Development Of Cost-Effective High-Modulus Asphalt Concrete Mixtures Using Crumb Rubber And Local Construction Materials In Louisiana
One of the emerging solutions to enhance the durability of asphalt pavements is the use of a French asphalt mix known as High-Modulus Asphalt Concrete (HMAC). This mix uses a hard asphalt binder, high binder content (about 6%), and low air voids content as compared with Superpave mixtures. The key objective of this study was to develop a cost-effective HMAC mixture using crumb rubber and local materials in Louisiana. To achieve this objective, four HMAC mixtures were prepared using two asphalt binders (PG 82-22 and PG 76-22 plus 10% crumb rubber) and two Reclaimed Asphalt Pavement (RAP) contents (20% and 40%); additionally, a conventional Superpave mixture in Louisiana was prepared as a control mixture. The laboratory performance of these five mixtures was evaluated in relation to workability, dynamic modulus, rutting resistance, and cracking resistance. The AASHTOWare Pavement ME Design software was also used to estimate the long-term field performance of these mixtures. Results indicated that the HMAC mixture prepared with 10% crumb rubber and 20% RAP successfully met the French mix design specifications for HMAC and LaDOTD specifications. This HMAC mix outperformed the control Superpave mix in relation to dynamic modulus, rutting resistance, and cracking resistance. Additionally, this HMAC mixture can reduce the required asphalt thickness by 1.5 or 2 in. based on traffic level. The cost-effectiveness analysis indicated that this HMAC mixture was more cost-effective than conventional Superpave mixtures in Louisiana. In addition, this mixture is environmentally friendly as it can reduce the disposal of scrap tires in landfills.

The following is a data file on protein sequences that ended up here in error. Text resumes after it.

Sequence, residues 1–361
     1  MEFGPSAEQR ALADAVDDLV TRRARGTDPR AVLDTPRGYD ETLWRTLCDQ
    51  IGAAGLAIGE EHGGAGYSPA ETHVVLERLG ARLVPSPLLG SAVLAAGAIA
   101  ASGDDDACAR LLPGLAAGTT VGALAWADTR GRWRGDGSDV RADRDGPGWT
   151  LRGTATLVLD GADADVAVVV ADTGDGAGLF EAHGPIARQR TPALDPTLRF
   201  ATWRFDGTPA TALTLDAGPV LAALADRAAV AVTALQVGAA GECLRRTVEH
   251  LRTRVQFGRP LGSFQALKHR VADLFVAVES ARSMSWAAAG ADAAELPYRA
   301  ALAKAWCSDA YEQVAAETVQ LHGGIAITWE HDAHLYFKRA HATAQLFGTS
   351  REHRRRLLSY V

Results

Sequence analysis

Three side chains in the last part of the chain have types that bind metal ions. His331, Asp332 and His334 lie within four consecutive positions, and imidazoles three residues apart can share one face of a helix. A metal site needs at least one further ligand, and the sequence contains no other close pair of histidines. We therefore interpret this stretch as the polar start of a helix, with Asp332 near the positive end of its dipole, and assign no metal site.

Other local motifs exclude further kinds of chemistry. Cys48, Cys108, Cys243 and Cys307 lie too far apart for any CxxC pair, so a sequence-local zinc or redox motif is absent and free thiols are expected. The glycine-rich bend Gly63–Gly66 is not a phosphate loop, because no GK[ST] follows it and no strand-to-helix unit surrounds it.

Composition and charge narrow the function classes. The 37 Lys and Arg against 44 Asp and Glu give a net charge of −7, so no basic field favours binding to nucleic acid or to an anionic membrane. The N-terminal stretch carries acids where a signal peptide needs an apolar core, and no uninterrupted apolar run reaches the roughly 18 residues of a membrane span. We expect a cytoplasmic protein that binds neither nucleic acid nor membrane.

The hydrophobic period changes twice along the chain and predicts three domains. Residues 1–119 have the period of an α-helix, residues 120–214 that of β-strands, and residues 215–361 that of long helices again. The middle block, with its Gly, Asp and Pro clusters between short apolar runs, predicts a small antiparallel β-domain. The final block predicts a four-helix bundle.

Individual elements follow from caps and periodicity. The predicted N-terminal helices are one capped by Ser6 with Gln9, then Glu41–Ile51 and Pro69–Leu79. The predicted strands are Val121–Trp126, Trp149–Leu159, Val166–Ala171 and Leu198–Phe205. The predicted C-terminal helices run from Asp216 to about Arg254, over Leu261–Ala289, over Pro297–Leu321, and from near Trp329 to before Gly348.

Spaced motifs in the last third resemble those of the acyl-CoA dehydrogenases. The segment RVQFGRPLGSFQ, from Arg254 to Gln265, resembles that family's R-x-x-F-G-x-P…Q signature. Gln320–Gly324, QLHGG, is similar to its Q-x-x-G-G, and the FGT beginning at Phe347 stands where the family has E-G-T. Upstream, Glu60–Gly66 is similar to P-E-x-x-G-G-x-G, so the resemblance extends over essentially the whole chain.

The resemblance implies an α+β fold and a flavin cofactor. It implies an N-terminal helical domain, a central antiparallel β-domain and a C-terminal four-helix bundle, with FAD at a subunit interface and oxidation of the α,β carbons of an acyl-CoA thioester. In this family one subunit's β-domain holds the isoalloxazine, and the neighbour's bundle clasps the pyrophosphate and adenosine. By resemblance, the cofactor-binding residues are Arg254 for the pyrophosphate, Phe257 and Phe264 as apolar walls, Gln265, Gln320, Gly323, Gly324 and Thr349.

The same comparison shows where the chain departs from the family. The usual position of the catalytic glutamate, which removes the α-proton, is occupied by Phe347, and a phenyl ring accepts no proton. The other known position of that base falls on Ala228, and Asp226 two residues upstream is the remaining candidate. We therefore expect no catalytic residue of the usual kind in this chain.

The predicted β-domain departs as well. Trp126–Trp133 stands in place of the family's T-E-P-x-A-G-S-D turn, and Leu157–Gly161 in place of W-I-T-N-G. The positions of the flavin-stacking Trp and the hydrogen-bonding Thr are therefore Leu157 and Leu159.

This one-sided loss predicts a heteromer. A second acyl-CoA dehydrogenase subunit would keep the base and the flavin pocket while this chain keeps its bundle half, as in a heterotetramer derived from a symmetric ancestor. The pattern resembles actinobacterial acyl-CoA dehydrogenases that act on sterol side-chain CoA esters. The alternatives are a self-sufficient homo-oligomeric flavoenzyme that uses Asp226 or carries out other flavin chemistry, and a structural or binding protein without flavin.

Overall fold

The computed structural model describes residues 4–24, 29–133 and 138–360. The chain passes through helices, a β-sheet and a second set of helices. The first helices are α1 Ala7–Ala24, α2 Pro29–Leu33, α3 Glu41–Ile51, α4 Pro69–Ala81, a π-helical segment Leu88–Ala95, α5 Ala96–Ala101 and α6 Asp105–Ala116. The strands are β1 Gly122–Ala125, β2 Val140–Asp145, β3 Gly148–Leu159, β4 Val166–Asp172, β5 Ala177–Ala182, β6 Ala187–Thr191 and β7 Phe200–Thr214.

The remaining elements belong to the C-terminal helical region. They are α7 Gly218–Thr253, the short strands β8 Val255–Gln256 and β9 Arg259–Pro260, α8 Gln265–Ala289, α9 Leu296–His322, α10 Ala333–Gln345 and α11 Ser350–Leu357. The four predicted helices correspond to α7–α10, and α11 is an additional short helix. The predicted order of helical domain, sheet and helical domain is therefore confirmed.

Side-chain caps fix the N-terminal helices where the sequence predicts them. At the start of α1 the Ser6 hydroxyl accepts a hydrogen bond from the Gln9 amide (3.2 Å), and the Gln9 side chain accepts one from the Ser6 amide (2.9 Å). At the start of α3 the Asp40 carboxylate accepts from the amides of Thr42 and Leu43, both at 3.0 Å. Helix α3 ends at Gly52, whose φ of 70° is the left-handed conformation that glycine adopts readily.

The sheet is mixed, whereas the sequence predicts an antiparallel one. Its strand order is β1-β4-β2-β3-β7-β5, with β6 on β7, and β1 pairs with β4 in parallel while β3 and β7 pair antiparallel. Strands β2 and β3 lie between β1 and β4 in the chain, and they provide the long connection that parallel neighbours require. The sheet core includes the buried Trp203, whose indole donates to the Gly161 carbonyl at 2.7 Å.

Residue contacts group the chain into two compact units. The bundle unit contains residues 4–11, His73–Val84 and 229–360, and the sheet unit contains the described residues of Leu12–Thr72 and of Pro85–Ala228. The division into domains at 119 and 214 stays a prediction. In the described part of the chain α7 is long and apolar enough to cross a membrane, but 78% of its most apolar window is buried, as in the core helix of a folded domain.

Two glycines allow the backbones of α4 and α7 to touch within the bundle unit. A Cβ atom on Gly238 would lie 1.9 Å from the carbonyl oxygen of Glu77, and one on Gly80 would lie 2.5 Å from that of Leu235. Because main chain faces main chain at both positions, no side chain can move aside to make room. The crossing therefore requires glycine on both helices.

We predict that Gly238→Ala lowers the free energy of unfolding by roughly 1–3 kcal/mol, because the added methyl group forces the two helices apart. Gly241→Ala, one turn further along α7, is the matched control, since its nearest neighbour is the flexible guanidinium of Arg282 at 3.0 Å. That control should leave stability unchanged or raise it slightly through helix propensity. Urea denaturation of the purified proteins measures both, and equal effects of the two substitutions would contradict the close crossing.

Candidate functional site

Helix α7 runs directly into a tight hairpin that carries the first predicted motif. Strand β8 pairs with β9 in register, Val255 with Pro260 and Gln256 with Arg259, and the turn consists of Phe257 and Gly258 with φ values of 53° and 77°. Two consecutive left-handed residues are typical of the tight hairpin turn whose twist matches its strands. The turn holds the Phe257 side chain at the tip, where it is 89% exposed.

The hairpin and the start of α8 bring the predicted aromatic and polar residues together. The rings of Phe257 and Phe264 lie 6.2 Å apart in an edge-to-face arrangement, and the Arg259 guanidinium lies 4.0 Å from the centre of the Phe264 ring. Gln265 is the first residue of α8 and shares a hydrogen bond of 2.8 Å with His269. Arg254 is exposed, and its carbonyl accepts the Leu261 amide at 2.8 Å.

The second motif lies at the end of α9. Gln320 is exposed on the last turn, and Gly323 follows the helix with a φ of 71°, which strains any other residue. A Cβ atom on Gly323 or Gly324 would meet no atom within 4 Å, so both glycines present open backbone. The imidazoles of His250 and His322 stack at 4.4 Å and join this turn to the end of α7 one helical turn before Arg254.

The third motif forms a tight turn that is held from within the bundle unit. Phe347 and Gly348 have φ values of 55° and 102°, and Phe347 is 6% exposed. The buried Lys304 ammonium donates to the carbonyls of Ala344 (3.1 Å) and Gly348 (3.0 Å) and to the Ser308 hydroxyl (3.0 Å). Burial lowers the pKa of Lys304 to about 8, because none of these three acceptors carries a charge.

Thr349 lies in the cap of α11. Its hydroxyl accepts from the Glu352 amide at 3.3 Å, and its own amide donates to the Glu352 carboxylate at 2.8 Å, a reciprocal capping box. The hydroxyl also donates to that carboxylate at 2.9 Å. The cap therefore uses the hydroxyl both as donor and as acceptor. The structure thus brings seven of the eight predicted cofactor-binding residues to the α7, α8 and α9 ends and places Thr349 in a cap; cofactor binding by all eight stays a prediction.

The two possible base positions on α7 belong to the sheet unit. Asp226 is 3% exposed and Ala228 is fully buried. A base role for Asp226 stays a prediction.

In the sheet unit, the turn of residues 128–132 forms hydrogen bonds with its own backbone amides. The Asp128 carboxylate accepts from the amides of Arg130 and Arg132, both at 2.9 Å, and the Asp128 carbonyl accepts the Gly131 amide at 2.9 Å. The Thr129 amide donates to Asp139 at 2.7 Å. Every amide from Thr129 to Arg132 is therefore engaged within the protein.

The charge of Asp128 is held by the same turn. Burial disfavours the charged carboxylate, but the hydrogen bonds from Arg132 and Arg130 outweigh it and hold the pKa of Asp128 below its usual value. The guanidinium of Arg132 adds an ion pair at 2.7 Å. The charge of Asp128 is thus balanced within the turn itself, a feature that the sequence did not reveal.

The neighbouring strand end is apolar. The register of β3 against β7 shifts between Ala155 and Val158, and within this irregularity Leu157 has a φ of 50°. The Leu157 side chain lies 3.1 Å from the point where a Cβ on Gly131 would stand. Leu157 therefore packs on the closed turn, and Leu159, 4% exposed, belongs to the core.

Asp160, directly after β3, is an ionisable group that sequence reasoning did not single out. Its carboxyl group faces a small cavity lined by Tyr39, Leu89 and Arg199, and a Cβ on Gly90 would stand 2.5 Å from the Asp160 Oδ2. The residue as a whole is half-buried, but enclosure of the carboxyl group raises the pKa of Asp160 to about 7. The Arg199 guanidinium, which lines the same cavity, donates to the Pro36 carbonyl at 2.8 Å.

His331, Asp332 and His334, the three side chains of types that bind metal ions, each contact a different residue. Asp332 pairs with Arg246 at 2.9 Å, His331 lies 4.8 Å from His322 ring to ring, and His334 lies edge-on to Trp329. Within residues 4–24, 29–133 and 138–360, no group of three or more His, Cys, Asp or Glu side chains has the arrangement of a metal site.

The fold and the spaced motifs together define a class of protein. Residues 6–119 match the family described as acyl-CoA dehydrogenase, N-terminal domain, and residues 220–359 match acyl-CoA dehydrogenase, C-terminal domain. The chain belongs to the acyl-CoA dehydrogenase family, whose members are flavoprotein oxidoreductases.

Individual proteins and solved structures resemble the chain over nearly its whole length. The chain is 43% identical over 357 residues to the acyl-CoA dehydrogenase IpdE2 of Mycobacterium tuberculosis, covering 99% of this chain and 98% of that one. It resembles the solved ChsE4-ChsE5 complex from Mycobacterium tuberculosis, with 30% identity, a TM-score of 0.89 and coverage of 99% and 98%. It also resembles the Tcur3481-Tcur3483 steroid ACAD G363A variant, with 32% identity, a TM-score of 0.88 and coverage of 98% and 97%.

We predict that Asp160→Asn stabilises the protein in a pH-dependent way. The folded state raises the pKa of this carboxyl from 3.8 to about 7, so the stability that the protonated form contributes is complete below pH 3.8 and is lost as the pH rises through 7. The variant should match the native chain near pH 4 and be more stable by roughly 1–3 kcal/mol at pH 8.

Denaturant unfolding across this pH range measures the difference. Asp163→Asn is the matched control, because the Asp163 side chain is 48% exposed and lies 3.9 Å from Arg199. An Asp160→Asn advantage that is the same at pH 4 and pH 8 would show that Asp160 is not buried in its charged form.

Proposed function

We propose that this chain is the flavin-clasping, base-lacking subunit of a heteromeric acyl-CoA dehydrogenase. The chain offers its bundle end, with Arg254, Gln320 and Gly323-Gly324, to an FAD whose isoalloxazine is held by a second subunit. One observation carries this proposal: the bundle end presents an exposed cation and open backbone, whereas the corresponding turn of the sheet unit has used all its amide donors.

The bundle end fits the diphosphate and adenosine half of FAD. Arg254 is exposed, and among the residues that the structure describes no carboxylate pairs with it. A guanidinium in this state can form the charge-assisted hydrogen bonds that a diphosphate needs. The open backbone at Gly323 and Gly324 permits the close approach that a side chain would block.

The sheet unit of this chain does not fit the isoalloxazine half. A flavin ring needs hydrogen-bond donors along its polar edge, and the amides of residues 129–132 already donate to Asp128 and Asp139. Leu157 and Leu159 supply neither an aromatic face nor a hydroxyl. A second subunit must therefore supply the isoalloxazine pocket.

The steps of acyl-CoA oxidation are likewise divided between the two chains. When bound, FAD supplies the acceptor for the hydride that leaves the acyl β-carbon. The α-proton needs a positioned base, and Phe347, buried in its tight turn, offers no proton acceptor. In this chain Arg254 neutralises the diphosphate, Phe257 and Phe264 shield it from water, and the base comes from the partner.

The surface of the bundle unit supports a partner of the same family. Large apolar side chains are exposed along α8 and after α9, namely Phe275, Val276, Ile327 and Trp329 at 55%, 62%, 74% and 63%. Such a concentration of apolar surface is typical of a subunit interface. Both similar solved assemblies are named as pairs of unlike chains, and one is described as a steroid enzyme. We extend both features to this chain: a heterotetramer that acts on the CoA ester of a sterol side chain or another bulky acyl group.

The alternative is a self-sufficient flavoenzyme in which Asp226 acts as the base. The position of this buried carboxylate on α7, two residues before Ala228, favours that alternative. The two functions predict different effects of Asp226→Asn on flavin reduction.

Publication Source (Journal or Book title)
Transportation Research Record
Elnaml, I., Mousa, M., Hassan, M. M., Idris, I., & Elnaml, I. (2022). Development Of Cost-Effective High-Modulus Asphalt Concrete Mixtures Using Crumb Rubber And Local Construction Materials In Louisiana. Transportation Research Record https://doi.org/10.1177/03611981221074377